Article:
At this point, disenfranchised "Nigerian royalty" asking for money through a poorly worded email is the ultimate cliche of internet scams.
According to new book "Think Like A Freak," a follow-up to the popular "Freakonomics" by Steven D. Levitt and Stephen J. Dubner, the scam's obviousness is its chief selling point.
The book refers to research from Microsoft Research computer scientist Cormac Herley, who looked at Nigerian scams — technically called advance-fee fraud — from the point of view of the scammer.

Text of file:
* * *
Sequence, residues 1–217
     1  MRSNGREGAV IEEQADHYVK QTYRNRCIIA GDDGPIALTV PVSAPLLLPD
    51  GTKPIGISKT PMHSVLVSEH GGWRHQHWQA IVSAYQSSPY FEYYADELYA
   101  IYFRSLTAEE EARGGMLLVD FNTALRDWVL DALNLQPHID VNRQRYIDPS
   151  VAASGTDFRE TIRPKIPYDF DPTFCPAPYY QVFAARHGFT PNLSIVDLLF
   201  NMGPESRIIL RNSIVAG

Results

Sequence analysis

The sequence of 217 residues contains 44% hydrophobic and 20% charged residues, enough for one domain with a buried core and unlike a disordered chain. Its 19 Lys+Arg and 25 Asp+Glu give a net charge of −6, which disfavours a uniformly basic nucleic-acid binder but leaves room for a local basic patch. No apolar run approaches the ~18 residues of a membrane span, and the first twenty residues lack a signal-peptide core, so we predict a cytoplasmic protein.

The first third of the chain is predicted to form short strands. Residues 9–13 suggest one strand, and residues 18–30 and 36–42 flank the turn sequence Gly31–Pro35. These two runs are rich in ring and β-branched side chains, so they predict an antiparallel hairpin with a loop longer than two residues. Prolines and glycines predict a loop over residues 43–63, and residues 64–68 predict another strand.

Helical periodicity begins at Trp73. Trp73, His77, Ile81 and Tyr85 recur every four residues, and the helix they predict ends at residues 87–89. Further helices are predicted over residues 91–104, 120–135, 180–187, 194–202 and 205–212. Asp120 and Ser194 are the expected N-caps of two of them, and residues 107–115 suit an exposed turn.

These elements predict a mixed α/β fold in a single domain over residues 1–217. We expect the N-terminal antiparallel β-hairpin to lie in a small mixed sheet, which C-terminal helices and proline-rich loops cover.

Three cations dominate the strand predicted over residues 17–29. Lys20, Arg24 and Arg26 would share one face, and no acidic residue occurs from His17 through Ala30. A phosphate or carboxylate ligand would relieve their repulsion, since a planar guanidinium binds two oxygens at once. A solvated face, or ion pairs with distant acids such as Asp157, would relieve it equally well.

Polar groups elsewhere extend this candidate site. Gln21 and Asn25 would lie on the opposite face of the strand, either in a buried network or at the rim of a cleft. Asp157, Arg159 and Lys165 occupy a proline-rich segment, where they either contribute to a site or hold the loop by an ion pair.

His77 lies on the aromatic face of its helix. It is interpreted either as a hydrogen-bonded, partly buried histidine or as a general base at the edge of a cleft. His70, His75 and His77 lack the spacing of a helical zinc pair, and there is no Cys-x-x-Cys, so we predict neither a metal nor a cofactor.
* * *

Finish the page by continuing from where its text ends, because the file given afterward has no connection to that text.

Levitt and Dubner explain the genius behind such an obvious scam in terms of "false positives," referring to email recipients who engage with the scammers but don't ultimately pay.
Therefore, it's in the scammers' best interest to minimize the number of false positives who cost them effort but never send them cash.
By sending an initial email that's obvious in its shortcomings, the scammers are isolating the most gullible targets.
As Herley tells the book's authors, "Anybody who doesn't fall off their chair laughing is exactly who they want to talk to.". »